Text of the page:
The adolescent Mr. Saleh worshiped Nasser, memorizing lines from his famous speeches, which had given Arabs their first sense of pride in a postcolonial world. Indeed, Mr. Saleh’s speeches echo Nasser’s defiant tone.

“Leave peacefully with your own will, before you are forced to leave – go and never come back!” Mr. Saleh told the governing party in one speech, using virtually the same lines that Nasser hurled at Western colonial powers.

In 1971, a year after Nasser died, Mr. Saleh read “The Return of Consciousness” by the renowned writer Tawfik al-Hakim, which depicted the leader as a sorcerer who created a grand illusion. The most lasting shock for Mr. Saleh was the lie about Arab might.

Will Politics Tame Egypt’s Muslim Brotherhood?

Muslim Brotherhood Gains Ground He recalled a night in 1965 when five village neighbors were arrested in a national sweep against thousands of suspected Muslim Brotherhood members. Mr. Saleh, by now in university, read their trial transcripts and heard their tales of degrading torture. He knew the arrested men as devout, sincere and hard-working.

At that point, he joined the Brotherhood, deciding that only an Islamic renaissance could rescue the Arabs from their plight.

One key reason the Muslim Brotherhood has endured is that its message combining spiritual salvation with an Islamic political renaissance captures the middle-class mood – particularly among conservative professionals like doctors, engineers and lawyers.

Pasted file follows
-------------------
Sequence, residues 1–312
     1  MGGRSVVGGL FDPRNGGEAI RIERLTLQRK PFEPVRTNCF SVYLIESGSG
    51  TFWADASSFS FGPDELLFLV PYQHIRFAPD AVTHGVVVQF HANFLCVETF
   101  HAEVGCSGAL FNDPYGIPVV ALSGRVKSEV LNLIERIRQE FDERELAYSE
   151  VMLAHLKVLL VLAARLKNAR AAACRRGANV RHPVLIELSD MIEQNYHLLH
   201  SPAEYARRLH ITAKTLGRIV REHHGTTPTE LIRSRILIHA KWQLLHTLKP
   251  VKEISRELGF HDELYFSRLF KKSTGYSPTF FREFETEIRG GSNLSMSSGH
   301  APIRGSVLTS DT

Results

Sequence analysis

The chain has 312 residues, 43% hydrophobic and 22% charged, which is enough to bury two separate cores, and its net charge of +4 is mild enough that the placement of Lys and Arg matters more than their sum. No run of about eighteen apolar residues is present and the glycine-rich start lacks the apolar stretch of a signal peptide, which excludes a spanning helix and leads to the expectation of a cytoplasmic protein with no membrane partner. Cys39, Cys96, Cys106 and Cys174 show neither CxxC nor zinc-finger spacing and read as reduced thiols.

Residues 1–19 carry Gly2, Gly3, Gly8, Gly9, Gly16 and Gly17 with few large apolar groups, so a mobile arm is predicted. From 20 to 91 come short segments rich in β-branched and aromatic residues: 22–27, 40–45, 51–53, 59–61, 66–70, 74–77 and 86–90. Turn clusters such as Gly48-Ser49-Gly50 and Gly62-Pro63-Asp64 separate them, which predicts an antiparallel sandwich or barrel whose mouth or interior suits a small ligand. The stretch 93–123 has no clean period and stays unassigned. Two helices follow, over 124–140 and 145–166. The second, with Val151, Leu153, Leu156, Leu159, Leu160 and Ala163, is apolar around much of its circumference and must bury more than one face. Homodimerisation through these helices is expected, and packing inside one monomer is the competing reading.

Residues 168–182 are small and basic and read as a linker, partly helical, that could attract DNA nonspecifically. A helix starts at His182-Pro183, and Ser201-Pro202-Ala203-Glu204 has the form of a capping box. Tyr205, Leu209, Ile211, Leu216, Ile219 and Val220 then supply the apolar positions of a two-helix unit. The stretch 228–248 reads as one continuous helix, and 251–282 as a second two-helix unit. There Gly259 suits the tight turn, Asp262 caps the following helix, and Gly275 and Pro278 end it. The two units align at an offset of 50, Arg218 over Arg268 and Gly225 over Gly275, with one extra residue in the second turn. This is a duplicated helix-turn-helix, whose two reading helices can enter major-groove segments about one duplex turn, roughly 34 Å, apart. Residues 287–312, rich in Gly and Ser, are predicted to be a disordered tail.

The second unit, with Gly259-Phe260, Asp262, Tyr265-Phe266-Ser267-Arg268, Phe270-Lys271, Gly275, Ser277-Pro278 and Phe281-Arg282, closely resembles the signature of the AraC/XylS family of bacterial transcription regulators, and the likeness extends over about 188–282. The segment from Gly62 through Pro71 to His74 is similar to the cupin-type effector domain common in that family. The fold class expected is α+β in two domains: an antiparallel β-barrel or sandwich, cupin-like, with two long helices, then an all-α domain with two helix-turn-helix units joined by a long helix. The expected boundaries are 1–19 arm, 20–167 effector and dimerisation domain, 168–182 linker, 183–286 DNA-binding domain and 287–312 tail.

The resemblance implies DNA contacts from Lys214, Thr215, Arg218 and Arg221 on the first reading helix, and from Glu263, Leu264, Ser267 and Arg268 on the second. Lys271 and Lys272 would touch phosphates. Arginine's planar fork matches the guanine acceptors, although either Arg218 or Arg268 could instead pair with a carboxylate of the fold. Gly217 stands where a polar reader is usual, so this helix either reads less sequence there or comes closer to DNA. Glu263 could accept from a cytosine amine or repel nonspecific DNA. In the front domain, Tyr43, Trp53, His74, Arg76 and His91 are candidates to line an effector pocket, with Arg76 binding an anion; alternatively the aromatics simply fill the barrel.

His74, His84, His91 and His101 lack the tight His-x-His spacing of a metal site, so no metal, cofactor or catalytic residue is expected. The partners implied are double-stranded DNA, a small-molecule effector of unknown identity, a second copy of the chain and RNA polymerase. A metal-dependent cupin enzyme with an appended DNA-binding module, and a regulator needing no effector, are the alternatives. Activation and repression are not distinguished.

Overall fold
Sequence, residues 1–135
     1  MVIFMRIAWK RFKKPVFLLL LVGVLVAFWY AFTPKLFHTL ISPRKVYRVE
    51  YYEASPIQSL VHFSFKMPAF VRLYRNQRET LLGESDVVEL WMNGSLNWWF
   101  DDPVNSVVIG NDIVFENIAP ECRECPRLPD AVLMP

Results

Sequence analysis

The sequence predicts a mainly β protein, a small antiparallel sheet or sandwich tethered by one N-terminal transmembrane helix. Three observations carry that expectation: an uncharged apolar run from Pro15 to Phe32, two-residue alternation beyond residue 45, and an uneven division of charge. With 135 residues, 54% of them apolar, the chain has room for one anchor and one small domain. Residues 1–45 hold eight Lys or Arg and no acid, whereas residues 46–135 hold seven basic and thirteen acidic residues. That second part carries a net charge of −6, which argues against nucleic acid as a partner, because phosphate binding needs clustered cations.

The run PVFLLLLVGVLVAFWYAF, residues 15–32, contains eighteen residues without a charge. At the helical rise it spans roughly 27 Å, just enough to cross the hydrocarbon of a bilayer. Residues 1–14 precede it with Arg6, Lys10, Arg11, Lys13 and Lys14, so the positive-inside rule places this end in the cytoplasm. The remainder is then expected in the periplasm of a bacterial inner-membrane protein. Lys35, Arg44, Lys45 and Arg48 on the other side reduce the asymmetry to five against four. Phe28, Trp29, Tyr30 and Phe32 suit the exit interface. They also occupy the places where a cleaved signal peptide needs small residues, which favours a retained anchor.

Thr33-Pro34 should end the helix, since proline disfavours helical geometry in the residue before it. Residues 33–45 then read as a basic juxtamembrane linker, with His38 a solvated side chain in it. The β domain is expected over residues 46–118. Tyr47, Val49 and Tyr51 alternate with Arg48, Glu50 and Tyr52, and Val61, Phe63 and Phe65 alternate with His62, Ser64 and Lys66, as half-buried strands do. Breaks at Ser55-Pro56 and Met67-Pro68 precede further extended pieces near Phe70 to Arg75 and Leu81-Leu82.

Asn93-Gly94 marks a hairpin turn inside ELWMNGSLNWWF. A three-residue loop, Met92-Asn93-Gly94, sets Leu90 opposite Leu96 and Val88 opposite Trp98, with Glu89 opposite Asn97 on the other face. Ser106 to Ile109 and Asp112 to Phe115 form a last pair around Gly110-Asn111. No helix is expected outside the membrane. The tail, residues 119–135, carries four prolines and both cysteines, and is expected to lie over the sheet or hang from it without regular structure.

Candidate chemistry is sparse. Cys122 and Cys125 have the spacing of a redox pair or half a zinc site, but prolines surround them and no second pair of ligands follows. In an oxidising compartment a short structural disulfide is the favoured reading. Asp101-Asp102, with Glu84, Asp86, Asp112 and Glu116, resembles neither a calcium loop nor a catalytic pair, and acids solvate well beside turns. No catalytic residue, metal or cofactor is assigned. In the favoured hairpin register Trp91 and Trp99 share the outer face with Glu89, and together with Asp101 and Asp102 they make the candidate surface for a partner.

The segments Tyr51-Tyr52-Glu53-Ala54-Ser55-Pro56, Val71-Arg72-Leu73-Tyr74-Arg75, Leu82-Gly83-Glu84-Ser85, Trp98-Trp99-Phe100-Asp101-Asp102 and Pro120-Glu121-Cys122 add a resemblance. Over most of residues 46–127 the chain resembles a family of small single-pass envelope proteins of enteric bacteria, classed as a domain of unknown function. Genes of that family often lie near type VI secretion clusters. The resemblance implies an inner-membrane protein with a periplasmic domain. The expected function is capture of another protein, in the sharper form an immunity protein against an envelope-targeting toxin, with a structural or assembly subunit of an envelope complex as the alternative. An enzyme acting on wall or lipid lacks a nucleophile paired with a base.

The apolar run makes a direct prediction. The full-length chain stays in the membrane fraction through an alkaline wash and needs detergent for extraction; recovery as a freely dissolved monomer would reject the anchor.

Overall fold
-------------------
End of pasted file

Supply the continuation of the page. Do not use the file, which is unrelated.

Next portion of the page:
Mr. Banna, the movement’s founder, believed that social ills could be cured by a return to the basic tenets of Sunni Islam, and that Muslims would always face enemies trying to thwart their revival.

The continued repression of the Brotherhood in Egypt, not to mention many of the 30 to 40 other Muslim Brotherhood organizations worldwide, has only added to their mystique. Syria mandates the death penalty for membership, while legal parties in other Arab countries, like Morocco and Jordan, are constantly harassed and highly popular.

The Muslim Brotherhood is often seen in two ways – as the fusty great uncle of Islamic politics, content to bide his time, or as the womb of all subsequent Islamic terror movements. Both views are true.

Mr. Banna organized a paramilitary Special Apparatus, ostensibly to train volunteers to fight in Palestine. Many did, but members also plotted a series of political assassinations.

Government gunmen killed Mr. Banna in 1949, just as the organization reached its peak, with 500,000 members. A failed attempt to assassinate Nasser in 1954 led to the Brotherhood’s being banned, with up to 20,000 members languishing in jail for two decades.

Among them was Sayyid Qutb, who wrote a radical treatise from death row arguing for armed revolt. Subsequent groups, notably Al Qaeda, base their doctrine partly on his writings.

Ayman al-Zawahiri, an Egyptian physician and Osama bin Laden’s top lieutenant, volunteered in a Muslim Brotherhood clinic before founding Islamic Jihad, whose violence included assassinating President Anwar el-Sadat in 1981.

Shying Away From Violence

The Muslim Brotherhood calls all these links tenuous at best.

“The presence of these violent groups outside the Muslim Brotherhood proves that there is no place for those who support violence inside,” Mr. Saleh, said in an interview in the Brotherhood’s cramped Alexandria office.

If the group retains a shadowy aura, its leaders say, it is because decades of persecution have made it wary. Mr. Saleh has been imprisoned twice, including six months in 2003 after leading demonstrations against the American invasion of Iraq.